Phoenix Companies - Acquisition of Assets from a Failed Company

The three methods of valuation - Procedure to be followed

A professional valuation is the key to having a legitimate sale of assets from one company that is being liquidated to another company - often known as a phoenix company. The sale of assets to the phoenix company should be at a Chartered Surveyors market valuation.

There are various classes of assets to be valued not only the physical fixed assets owned by the company.

Intangible assets

Apart from the fixed and current assets of the business, you must also consider:

  • the value of intellectual property
    • the value of goodwill.

    The above intangible assets are not so easy to value and must be carefully considered by Chartered Surveyors or other qualified professionals before any sale transaction takes place. In March 2010 The International Valuation Standards Council (IVSC) published its updated guidance note (GN4) on the valuation of intangible assets. GN4 identifies the principal techniques that are recognised for the valuation of such intangible assets as brands, intellectual property and customer relationships. It gives guidance on how these techniques are applied. It is of particular relevance when applying IFRS 3, Business Combinations. GN4 is effective from 1 March 2010 and is available at

    An International Standard ISO 106668 on Brand Valuation - Requirements for monetary brand valuation - has also been published. This standard is short being only ten pages long.

    Additional guidance on valuation of intangible assets might be found from IAS 38 Intangible Assets.

    Tangible Assets

    Each and every one of the physical assets of the company are usually valued by the Chartered Surveyors on the following three three bases:-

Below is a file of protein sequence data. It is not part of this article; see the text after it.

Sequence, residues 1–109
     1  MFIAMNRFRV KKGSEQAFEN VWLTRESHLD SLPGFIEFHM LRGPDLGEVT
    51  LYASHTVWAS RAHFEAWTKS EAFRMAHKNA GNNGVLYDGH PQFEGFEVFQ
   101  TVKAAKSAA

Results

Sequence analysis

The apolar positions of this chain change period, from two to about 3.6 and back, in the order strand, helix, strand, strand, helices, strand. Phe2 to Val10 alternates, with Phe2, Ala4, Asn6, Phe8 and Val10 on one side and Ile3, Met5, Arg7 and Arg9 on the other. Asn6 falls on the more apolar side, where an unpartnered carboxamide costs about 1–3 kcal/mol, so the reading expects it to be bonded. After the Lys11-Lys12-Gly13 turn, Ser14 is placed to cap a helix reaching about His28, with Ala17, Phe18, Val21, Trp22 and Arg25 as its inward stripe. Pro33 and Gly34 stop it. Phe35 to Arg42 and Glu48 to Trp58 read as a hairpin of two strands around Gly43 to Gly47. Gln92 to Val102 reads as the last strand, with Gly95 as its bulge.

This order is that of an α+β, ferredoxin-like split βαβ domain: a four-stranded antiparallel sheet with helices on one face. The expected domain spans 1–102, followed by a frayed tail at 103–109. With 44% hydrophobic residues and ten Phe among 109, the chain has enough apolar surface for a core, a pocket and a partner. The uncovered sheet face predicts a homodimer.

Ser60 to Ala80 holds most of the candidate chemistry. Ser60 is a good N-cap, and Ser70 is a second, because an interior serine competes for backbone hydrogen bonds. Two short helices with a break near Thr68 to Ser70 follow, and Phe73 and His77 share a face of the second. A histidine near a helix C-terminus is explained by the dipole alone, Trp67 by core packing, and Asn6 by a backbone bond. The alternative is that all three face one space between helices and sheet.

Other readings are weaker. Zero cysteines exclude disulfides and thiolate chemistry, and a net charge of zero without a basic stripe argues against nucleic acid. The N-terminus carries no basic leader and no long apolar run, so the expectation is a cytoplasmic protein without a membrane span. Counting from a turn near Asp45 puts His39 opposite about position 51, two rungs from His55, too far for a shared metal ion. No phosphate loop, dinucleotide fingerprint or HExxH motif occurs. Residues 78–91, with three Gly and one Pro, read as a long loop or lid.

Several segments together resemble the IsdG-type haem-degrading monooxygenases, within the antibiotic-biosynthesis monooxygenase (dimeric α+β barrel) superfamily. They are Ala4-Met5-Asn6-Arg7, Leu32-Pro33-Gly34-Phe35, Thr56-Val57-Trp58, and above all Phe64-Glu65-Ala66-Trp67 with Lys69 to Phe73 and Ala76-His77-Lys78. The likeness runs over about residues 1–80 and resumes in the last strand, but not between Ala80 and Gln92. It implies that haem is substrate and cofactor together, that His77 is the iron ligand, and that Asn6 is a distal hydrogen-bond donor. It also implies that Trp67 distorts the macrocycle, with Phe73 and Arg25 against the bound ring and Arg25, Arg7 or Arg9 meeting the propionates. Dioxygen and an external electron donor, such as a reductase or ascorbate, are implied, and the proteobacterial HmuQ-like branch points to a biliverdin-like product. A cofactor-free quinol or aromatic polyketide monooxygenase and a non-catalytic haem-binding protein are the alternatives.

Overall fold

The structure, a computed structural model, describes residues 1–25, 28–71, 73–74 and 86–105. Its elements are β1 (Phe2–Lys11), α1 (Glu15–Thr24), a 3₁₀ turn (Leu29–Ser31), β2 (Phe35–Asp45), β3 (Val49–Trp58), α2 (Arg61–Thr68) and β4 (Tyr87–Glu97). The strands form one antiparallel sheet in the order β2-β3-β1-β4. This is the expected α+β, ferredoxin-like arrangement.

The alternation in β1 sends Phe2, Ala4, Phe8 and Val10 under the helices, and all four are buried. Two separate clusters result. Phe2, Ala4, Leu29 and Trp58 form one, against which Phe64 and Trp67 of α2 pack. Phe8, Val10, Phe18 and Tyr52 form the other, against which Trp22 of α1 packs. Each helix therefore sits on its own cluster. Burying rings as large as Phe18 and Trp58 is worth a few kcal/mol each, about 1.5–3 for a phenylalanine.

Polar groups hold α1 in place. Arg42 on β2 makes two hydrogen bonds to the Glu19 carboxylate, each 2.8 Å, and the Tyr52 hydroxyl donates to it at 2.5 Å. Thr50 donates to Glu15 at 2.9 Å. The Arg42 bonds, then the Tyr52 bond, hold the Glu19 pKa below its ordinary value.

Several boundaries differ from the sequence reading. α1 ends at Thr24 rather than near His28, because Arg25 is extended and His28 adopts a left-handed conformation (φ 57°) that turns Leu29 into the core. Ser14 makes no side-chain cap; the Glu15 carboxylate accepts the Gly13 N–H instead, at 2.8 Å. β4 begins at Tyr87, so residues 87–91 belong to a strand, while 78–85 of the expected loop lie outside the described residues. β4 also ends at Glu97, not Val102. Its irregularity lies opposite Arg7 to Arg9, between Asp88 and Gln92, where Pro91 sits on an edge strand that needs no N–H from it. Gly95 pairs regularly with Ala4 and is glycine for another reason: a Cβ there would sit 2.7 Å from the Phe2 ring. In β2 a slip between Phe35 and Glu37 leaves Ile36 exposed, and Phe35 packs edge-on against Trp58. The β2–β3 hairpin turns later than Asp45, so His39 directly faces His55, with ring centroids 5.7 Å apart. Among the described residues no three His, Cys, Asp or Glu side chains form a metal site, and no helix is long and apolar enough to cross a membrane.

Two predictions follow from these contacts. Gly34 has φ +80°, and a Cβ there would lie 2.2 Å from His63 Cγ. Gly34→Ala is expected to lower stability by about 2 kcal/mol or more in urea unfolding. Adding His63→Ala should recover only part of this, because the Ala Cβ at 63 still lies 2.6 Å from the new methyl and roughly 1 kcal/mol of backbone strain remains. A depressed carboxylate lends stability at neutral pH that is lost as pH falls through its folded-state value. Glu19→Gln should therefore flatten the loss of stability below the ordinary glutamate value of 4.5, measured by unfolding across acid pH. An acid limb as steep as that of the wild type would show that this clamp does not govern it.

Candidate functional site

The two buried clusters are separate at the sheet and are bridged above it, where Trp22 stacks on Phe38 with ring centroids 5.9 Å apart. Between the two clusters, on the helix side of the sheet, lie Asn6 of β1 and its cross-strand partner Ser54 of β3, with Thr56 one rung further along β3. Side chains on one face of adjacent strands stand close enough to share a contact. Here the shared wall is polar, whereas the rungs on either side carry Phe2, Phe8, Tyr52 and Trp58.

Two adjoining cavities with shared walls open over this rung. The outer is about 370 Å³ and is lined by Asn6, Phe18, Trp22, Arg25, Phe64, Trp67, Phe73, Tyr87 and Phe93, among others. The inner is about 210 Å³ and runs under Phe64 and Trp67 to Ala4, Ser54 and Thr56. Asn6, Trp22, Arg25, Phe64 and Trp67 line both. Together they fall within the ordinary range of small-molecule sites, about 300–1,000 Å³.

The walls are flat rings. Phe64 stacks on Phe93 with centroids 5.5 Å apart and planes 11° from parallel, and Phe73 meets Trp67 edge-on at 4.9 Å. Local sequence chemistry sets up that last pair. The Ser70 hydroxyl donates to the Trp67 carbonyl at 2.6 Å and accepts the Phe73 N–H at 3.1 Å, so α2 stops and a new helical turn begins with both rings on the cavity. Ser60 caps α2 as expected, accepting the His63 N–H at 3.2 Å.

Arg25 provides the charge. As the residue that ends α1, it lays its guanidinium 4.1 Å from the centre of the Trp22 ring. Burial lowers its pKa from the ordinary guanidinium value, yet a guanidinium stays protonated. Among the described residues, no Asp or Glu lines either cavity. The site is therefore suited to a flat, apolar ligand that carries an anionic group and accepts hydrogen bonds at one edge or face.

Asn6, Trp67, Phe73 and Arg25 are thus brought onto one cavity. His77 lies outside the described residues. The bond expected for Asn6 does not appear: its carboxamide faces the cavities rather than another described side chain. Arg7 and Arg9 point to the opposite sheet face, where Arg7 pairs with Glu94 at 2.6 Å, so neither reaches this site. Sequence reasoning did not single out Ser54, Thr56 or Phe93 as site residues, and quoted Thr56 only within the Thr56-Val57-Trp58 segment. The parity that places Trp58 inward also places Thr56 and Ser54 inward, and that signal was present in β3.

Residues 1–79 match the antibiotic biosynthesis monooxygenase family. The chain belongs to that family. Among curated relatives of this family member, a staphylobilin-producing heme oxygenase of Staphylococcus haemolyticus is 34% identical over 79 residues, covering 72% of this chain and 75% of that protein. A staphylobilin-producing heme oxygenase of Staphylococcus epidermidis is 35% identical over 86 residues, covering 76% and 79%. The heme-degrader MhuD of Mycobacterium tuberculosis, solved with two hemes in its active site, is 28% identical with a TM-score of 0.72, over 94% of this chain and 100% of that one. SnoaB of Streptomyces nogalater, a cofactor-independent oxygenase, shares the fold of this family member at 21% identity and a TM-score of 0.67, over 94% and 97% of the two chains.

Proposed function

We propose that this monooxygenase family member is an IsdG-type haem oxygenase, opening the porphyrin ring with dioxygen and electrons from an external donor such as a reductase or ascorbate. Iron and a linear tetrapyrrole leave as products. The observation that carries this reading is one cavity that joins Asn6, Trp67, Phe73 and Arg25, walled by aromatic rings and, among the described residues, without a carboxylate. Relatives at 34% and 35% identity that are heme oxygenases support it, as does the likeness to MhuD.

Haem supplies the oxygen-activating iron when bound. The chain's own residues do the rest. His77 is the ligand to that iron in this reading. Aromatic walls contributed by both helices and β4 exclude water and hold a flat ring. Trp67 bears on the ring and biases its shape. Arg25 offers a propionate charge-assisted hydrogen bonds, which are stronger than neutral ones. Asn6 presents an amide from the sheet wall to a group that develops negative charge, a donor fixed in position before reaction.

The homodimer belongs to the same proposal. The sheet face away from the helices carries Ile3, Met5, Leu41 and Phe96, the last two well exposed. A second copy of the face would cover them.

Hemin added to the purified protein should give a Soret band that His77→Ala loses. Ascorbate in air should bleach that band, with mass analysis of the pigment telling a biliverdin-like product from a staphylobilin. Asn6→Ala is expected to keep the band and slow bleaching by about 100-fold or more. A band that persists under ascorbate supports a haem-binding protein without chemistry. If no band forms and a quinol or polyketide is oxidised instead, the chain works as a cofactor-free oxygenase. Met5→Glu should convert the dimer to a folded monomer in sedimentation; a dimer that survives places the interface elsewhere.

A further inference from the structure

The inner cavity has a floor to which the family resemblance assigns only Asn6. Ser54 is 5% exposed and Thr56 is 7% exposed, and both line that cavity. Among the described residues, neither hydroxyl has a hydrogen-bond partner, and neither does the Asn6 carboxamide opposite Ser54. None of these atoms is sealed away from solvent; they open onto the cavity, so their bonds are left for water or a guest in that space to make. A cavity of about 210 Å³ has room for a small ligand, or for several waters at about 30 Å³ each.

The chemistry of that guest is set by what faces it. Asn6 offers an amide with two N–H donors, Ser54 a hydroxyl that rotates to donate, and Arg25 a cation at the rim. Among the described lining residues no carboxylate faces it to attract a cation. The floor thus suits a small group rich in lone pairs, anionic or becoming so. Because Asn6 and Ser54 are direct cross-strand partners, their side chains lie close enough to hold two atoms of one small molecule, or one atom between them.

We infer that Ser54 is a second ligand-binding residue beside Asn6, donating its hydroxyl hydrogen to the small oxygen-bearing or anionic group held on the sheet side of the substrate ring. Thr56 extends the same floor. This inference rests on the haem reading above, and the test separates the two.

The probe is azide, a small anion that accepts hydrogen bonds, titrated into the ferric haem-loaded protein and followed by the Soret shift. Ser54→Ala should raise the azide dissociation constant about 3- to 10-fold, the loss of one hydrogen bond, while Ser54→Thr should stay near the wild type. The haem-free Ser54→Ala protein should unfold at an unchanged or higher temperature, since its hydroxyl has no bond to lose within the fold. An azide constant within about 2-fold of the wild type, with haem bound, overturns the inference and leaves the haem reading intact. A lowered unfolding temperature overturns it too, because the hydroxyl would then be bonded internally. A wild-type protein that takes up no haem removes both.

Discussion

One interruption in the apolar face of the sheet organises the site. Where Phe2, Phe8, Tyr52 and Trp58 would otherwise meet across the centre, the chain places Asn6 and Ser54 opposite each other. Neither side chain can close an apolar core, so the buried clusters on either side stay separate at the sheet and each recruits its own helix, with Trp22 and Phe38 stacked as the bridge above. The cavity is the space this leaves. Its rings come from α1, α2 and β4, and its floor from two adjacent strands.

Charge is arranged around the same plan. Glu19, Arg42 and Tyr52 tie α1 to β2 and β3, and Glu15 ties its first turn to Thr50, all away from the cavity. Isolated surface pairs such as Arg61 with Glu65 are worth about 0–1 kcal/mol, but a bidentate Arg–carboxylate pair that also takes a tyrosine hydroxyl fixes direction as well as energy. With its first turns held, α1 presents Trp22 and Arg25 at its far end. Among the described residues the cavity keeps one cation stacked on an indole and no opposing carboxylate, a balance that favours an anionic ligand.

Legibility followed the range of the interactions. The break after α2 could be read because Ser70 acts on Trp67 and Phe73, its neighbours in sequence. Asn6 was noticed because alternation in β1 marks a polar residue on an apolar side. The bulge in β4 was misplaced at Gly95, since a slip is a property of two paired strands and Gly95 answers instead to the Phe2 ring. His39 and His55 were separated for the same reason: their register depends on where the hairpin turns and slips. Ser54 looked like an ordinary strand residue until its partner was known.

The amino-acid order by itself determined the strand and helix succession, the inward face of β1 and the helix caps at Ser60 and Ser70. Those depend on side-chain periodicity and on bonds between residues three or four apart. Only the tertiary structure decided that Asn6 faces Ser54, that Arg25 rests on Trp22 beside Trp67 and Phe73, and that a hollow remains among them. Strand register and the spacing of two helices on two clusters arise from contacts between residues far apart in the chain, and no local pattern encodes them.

1. Forced sale value (otherwise known as the Estimated Restricted Realisation Price or ERRP)

    2. Market value

    3. Value to the business (Otherwise known as the in situ valuation)

    A forced sale valuation is one which estimates the expected realisation of the assets if there were to be an auction.

    A market valuation will in most cases derive a higher valuation than a forced sale. A market valuation provides the expected realisable value for the assets if they did not have to be sold quickly and instead time was available to test the market for the best price.

    If a director of the old company wishes to sell the assets of that business to a successor phoenix company it must be at the higher in situ valuation - and it is best to have the transaction either confirmed by creditors consent or have the sale conducted by the liquidator.

    Having said that, the third method of valuation called "value to the business"  must be considered. If that figure is higher than open market value. No sale should take place unless it is at that higher figure.

    With proper advice in many instances it is possible to have such a pre-packaged asset sale to a phoenix company even prior to the liquidation creditors meeting thus safeguarding jobs, your future and maximising returns to creditors.

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